Report of the third workshop on the “PerformArt Database” (version 0.4)
École française de Rome – Piazza Navona, 62 – 18th May 2017
The day opened with a summary of the work undertaken in the last few months. Various requests for the development of new functions have been submitted to Foucauld Pérotin. Two versions of the database are now available: offline and online. The necessity to constantly use the online version was emphasised, except in the cases when no internet access is available. The system of links, which is already active, will be further improved over the following weeks. The test phase began on 28th April (with data being inserted by Orsetta Baroncelli, Marco Cavietti, Giulia Veneziano, Huub van der Linden, Élodie Oriol), which was a crucial step enabling initial feedback. This phase was concluded with the workshop.
The use of this simple and functional database is simplified by a manual and tutorial prepared by Michela Berti. Michela is also planning to create short videos to demonstrate how the work is carried out in a practical context.
After the presentation of the system of links, an exercise on an archival document was suggested, dividing the participants into groups of 3 people. Each group produced a summary sheet describing the document in question, and successively selected the various links (people, places, events) associated with the information on the sheet. In the afternoon, a conference by Orsetta Baroncelli and Marco Cavietti illustrated the process of formation and preservation of administrative documents in the archives of Roman families by cross-referencing archival data and information coming from seventeenth-century treatises specifically concerned with the figure of the Maestro di casa.
Report of the first scientific seminar
École française de Rome – Piazza Navona, 62 – 19th May 2017
This meeting was held in the presence of the following members of the research team: Michela Berti, Orsetta Baroncelli, Diana Blichmann, Luigi Cacciaglia, Émilie Corswarem, Marco Cavietti, Teresa Chirico, Valeria De Lucca, José Maria Dominguez, Gloria Giordano, Anne-Madeleine Goulet, Christine Jeanneret, Elisabetta Mori, Barbara Nestola, Élodie Oriol, Chiara Pelliccia and Giulia Veneziano.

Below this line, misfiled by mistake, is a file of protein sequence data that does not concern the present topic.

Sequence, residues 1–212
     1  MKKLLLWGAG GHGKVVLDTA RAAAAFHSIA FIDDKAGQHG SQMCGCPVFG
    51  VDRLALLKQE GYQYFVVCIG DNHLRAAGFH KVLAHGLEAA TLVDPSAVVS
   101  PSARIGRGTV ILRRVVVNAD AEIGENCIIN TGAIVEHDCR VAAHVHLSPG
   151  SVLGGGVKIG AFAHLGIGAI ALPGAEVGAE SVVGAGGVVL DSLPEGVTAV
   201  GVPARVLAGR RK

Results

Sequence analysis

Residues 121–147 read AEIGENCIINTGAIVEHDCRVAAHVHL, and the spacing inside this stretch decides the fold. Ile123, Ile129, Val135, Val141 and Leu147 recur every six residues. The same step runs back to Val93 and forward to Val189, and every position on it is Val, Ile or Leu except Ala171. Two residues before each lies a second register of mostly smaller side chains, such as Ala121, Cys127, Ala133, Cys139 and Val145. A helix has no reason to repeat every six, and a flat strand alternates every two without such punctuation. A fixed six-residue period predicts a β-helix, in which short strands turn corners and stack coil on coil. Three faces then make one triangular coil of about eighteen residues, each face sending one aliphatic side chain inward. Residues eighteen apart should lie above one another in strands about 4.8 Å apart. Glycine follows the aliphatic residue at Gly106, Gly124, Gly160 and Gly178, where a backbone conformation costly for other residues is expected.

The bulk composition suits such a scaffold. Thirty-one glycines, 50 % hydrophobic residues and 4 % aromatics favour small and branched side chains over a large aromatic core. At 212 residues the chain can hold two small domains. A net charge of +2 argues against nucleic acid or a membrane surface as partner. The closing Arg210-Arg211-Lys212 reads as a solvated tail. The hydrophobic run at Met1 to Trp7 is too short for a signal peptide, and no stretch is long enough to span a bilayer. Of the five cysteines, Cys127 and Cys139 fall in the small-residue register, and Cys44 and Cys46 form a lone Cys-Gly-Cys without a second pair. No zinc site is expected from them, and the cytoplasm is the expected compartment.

On 19th May 2017 the first PerformArt Scientific Seminar: comparing perspectives took place in the Conference Room of the École Française de Rome and was open to the public. As highlighted by Anne-Madeleine Goulet, the concept behind the seminars, including those to be organised in future, is to present an exchange of ideas over the numerous subjects of the PerformArt project between scholars of the highest calibre. These Seminars are aimed at encouraging dialogue among the researchers in the project, as well as scholars and personalities whose research activity is of interest within the scope of the project. This implies that each researcher has the possibility of widening his field of interest by organising a seminar.
The seminar on 19th May, organised by Huub van der Linden, was aimed at exploring the interweaving of the “historical output” of places through actions and rituals, and Rome in the baroque era understood as a historical space and a musical landscape. As part of the Seminar, a conference was held from 9.30 until 12 by Angelo Torre (Università del Piemonte Orientale “A. Avogadro”) entitled Locality output: questions and perspectives for historical analysis. Torre is amongst the Italian scholars who have most contributed to this research field in the last few years.
The morning’s events were inaugurated by Fabrice Jesné (Directeur des études pour les époques moderne et contemporaine, EFR), by greetings from Anne-Madeleine Goulet (Direttrice del progetto, Centre d’études supérieures de la Renaissance de Tours, CNRS) and an introduction by Huub van der Linden (Project researcher, EFR) on Baroque Rome: historical space and sound landscape.